February 12 is Red Hand Day
Learn the story behind Int’l Day Against Child Soldiering
The Coalition to Stop the Use of Child Soldiers adopted the “red hand” symbol in 1998 as part of its worldwide campaign against child soldiering. February 12, 2002, marks the day the United Nations enacted a treaty banning the use of child soldiers.
This treaty protects children under 18 from being used in armed combat, as nations promised not to recruit or enlist child soldiers — taking every measure of prevention and enacting rescue missions when necessary. While this treaty was initially successful, 250,000+ child soldiers are still enslaved in at least 17 countries.
Why red hands?
Painting hands red symbolizes the blood shed by children forced to commit acts of violence as child soldiers. Children are especially vulnerable to military recruitment because they are too young to resist or defend themselves.
Trafficked. Orphaned. Forced to kill. Exiled from their communities.
Boys and girls as young as 7 — enslaved, forced to fight and kill, and exploited for their bodies and labor.
Many of these children are unprotected by their government and held captive for an average of 3 years. They are used as soldiers, spies, sex slaves, and child soldiers — forced into armed conflict and to complete suicide missions.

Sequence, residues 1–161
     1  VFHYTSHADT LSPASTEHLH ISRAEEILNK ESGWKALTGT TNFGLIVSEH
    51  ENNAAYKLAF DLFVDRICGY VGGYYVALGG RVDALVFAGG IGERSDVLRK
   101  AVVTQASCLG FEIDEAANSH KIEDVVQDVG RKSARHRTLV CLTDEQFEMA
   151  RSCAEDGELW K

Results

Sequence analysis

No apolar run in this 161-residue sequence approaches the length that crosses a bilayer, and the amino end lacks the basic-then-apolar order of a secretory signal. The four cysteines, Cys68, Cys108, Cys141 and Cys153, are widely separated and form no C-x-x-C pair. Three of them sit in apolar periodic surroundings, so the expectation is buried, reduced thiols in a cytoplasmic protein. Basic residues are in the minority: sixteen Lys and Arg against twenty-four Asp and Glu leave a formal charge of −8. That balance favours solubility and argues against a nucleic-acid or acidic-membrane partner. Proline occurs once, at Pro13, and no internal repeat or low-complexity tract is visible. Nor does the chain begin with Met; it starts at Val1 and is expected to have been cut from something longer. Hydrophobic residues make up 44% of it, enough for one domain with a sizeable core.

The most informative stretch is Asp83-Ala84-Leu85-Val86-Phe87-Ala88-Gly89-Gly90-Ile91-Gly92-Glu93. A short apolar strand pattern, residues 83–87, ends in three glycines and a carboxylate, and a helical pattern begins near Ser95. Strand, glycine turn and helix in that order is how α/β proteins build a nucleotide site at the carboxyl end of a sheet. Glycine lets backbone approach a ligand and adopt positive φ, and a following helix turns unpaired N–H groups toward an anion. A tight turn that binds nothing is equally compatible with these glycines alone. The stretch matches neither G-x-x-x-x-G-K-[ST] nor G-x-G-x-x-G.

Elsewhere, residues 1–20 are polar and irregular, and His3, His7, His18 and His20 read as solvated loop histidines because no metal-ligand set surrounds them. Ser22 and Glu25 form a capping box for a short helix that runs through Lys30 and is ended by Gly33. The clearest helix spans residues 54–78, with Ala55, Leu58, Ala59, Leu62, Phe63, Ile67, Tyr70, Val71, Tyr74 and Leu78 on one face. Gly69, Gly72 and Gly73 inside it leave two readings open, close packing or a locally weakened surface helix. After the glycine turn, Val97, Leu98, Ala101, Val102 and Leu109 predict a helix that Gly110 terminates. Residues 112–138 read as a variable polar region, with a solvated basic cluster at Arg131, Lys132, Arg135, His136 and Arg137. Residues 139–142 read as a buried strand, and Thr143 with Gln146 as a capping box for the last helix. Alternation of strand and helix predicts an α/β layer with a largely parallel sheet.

In addition to the grave violation of their human rights, child soldiering robs boys and girls of basic needs, education, and stability needed to grow and thrive. Armed groups not only steal their childhood but also destroy any hope for a future in their communities.
No child should know what it feels like to have blood on their hands.
You can make a difference!
❌ Paint social media RED: Paint your hand and post a picture using the hashtag #RedHandDay to educate your community on the violence of child soldiering.
❌ Contact UN leaders: Send your handprint to the UN office in New York with a note advocating for international attention to the child soldiering crisis in DR Congo.
❌ Get your family involved: Simply trace your hands on a blank sheet of paper (or on this downloadable card), add an encouraging note, and mail it to Exile’s offices. We’ll deliver your handprint to a former child soldier who is now becoming a leader for peace — letting them know the Exile family believes in them!
❌ Call your U.S. Representatives: The U.S. can sanction nations condoning child soldiering. With Congolese rebel groups (supported by Rwanda) increasingly active — find your representative and call for more intentional sanctions today.
❌ Champion a child: You can champion a child affected by war — providing education, discipleship, and the tools needed to raise the next generation of peacemakers.
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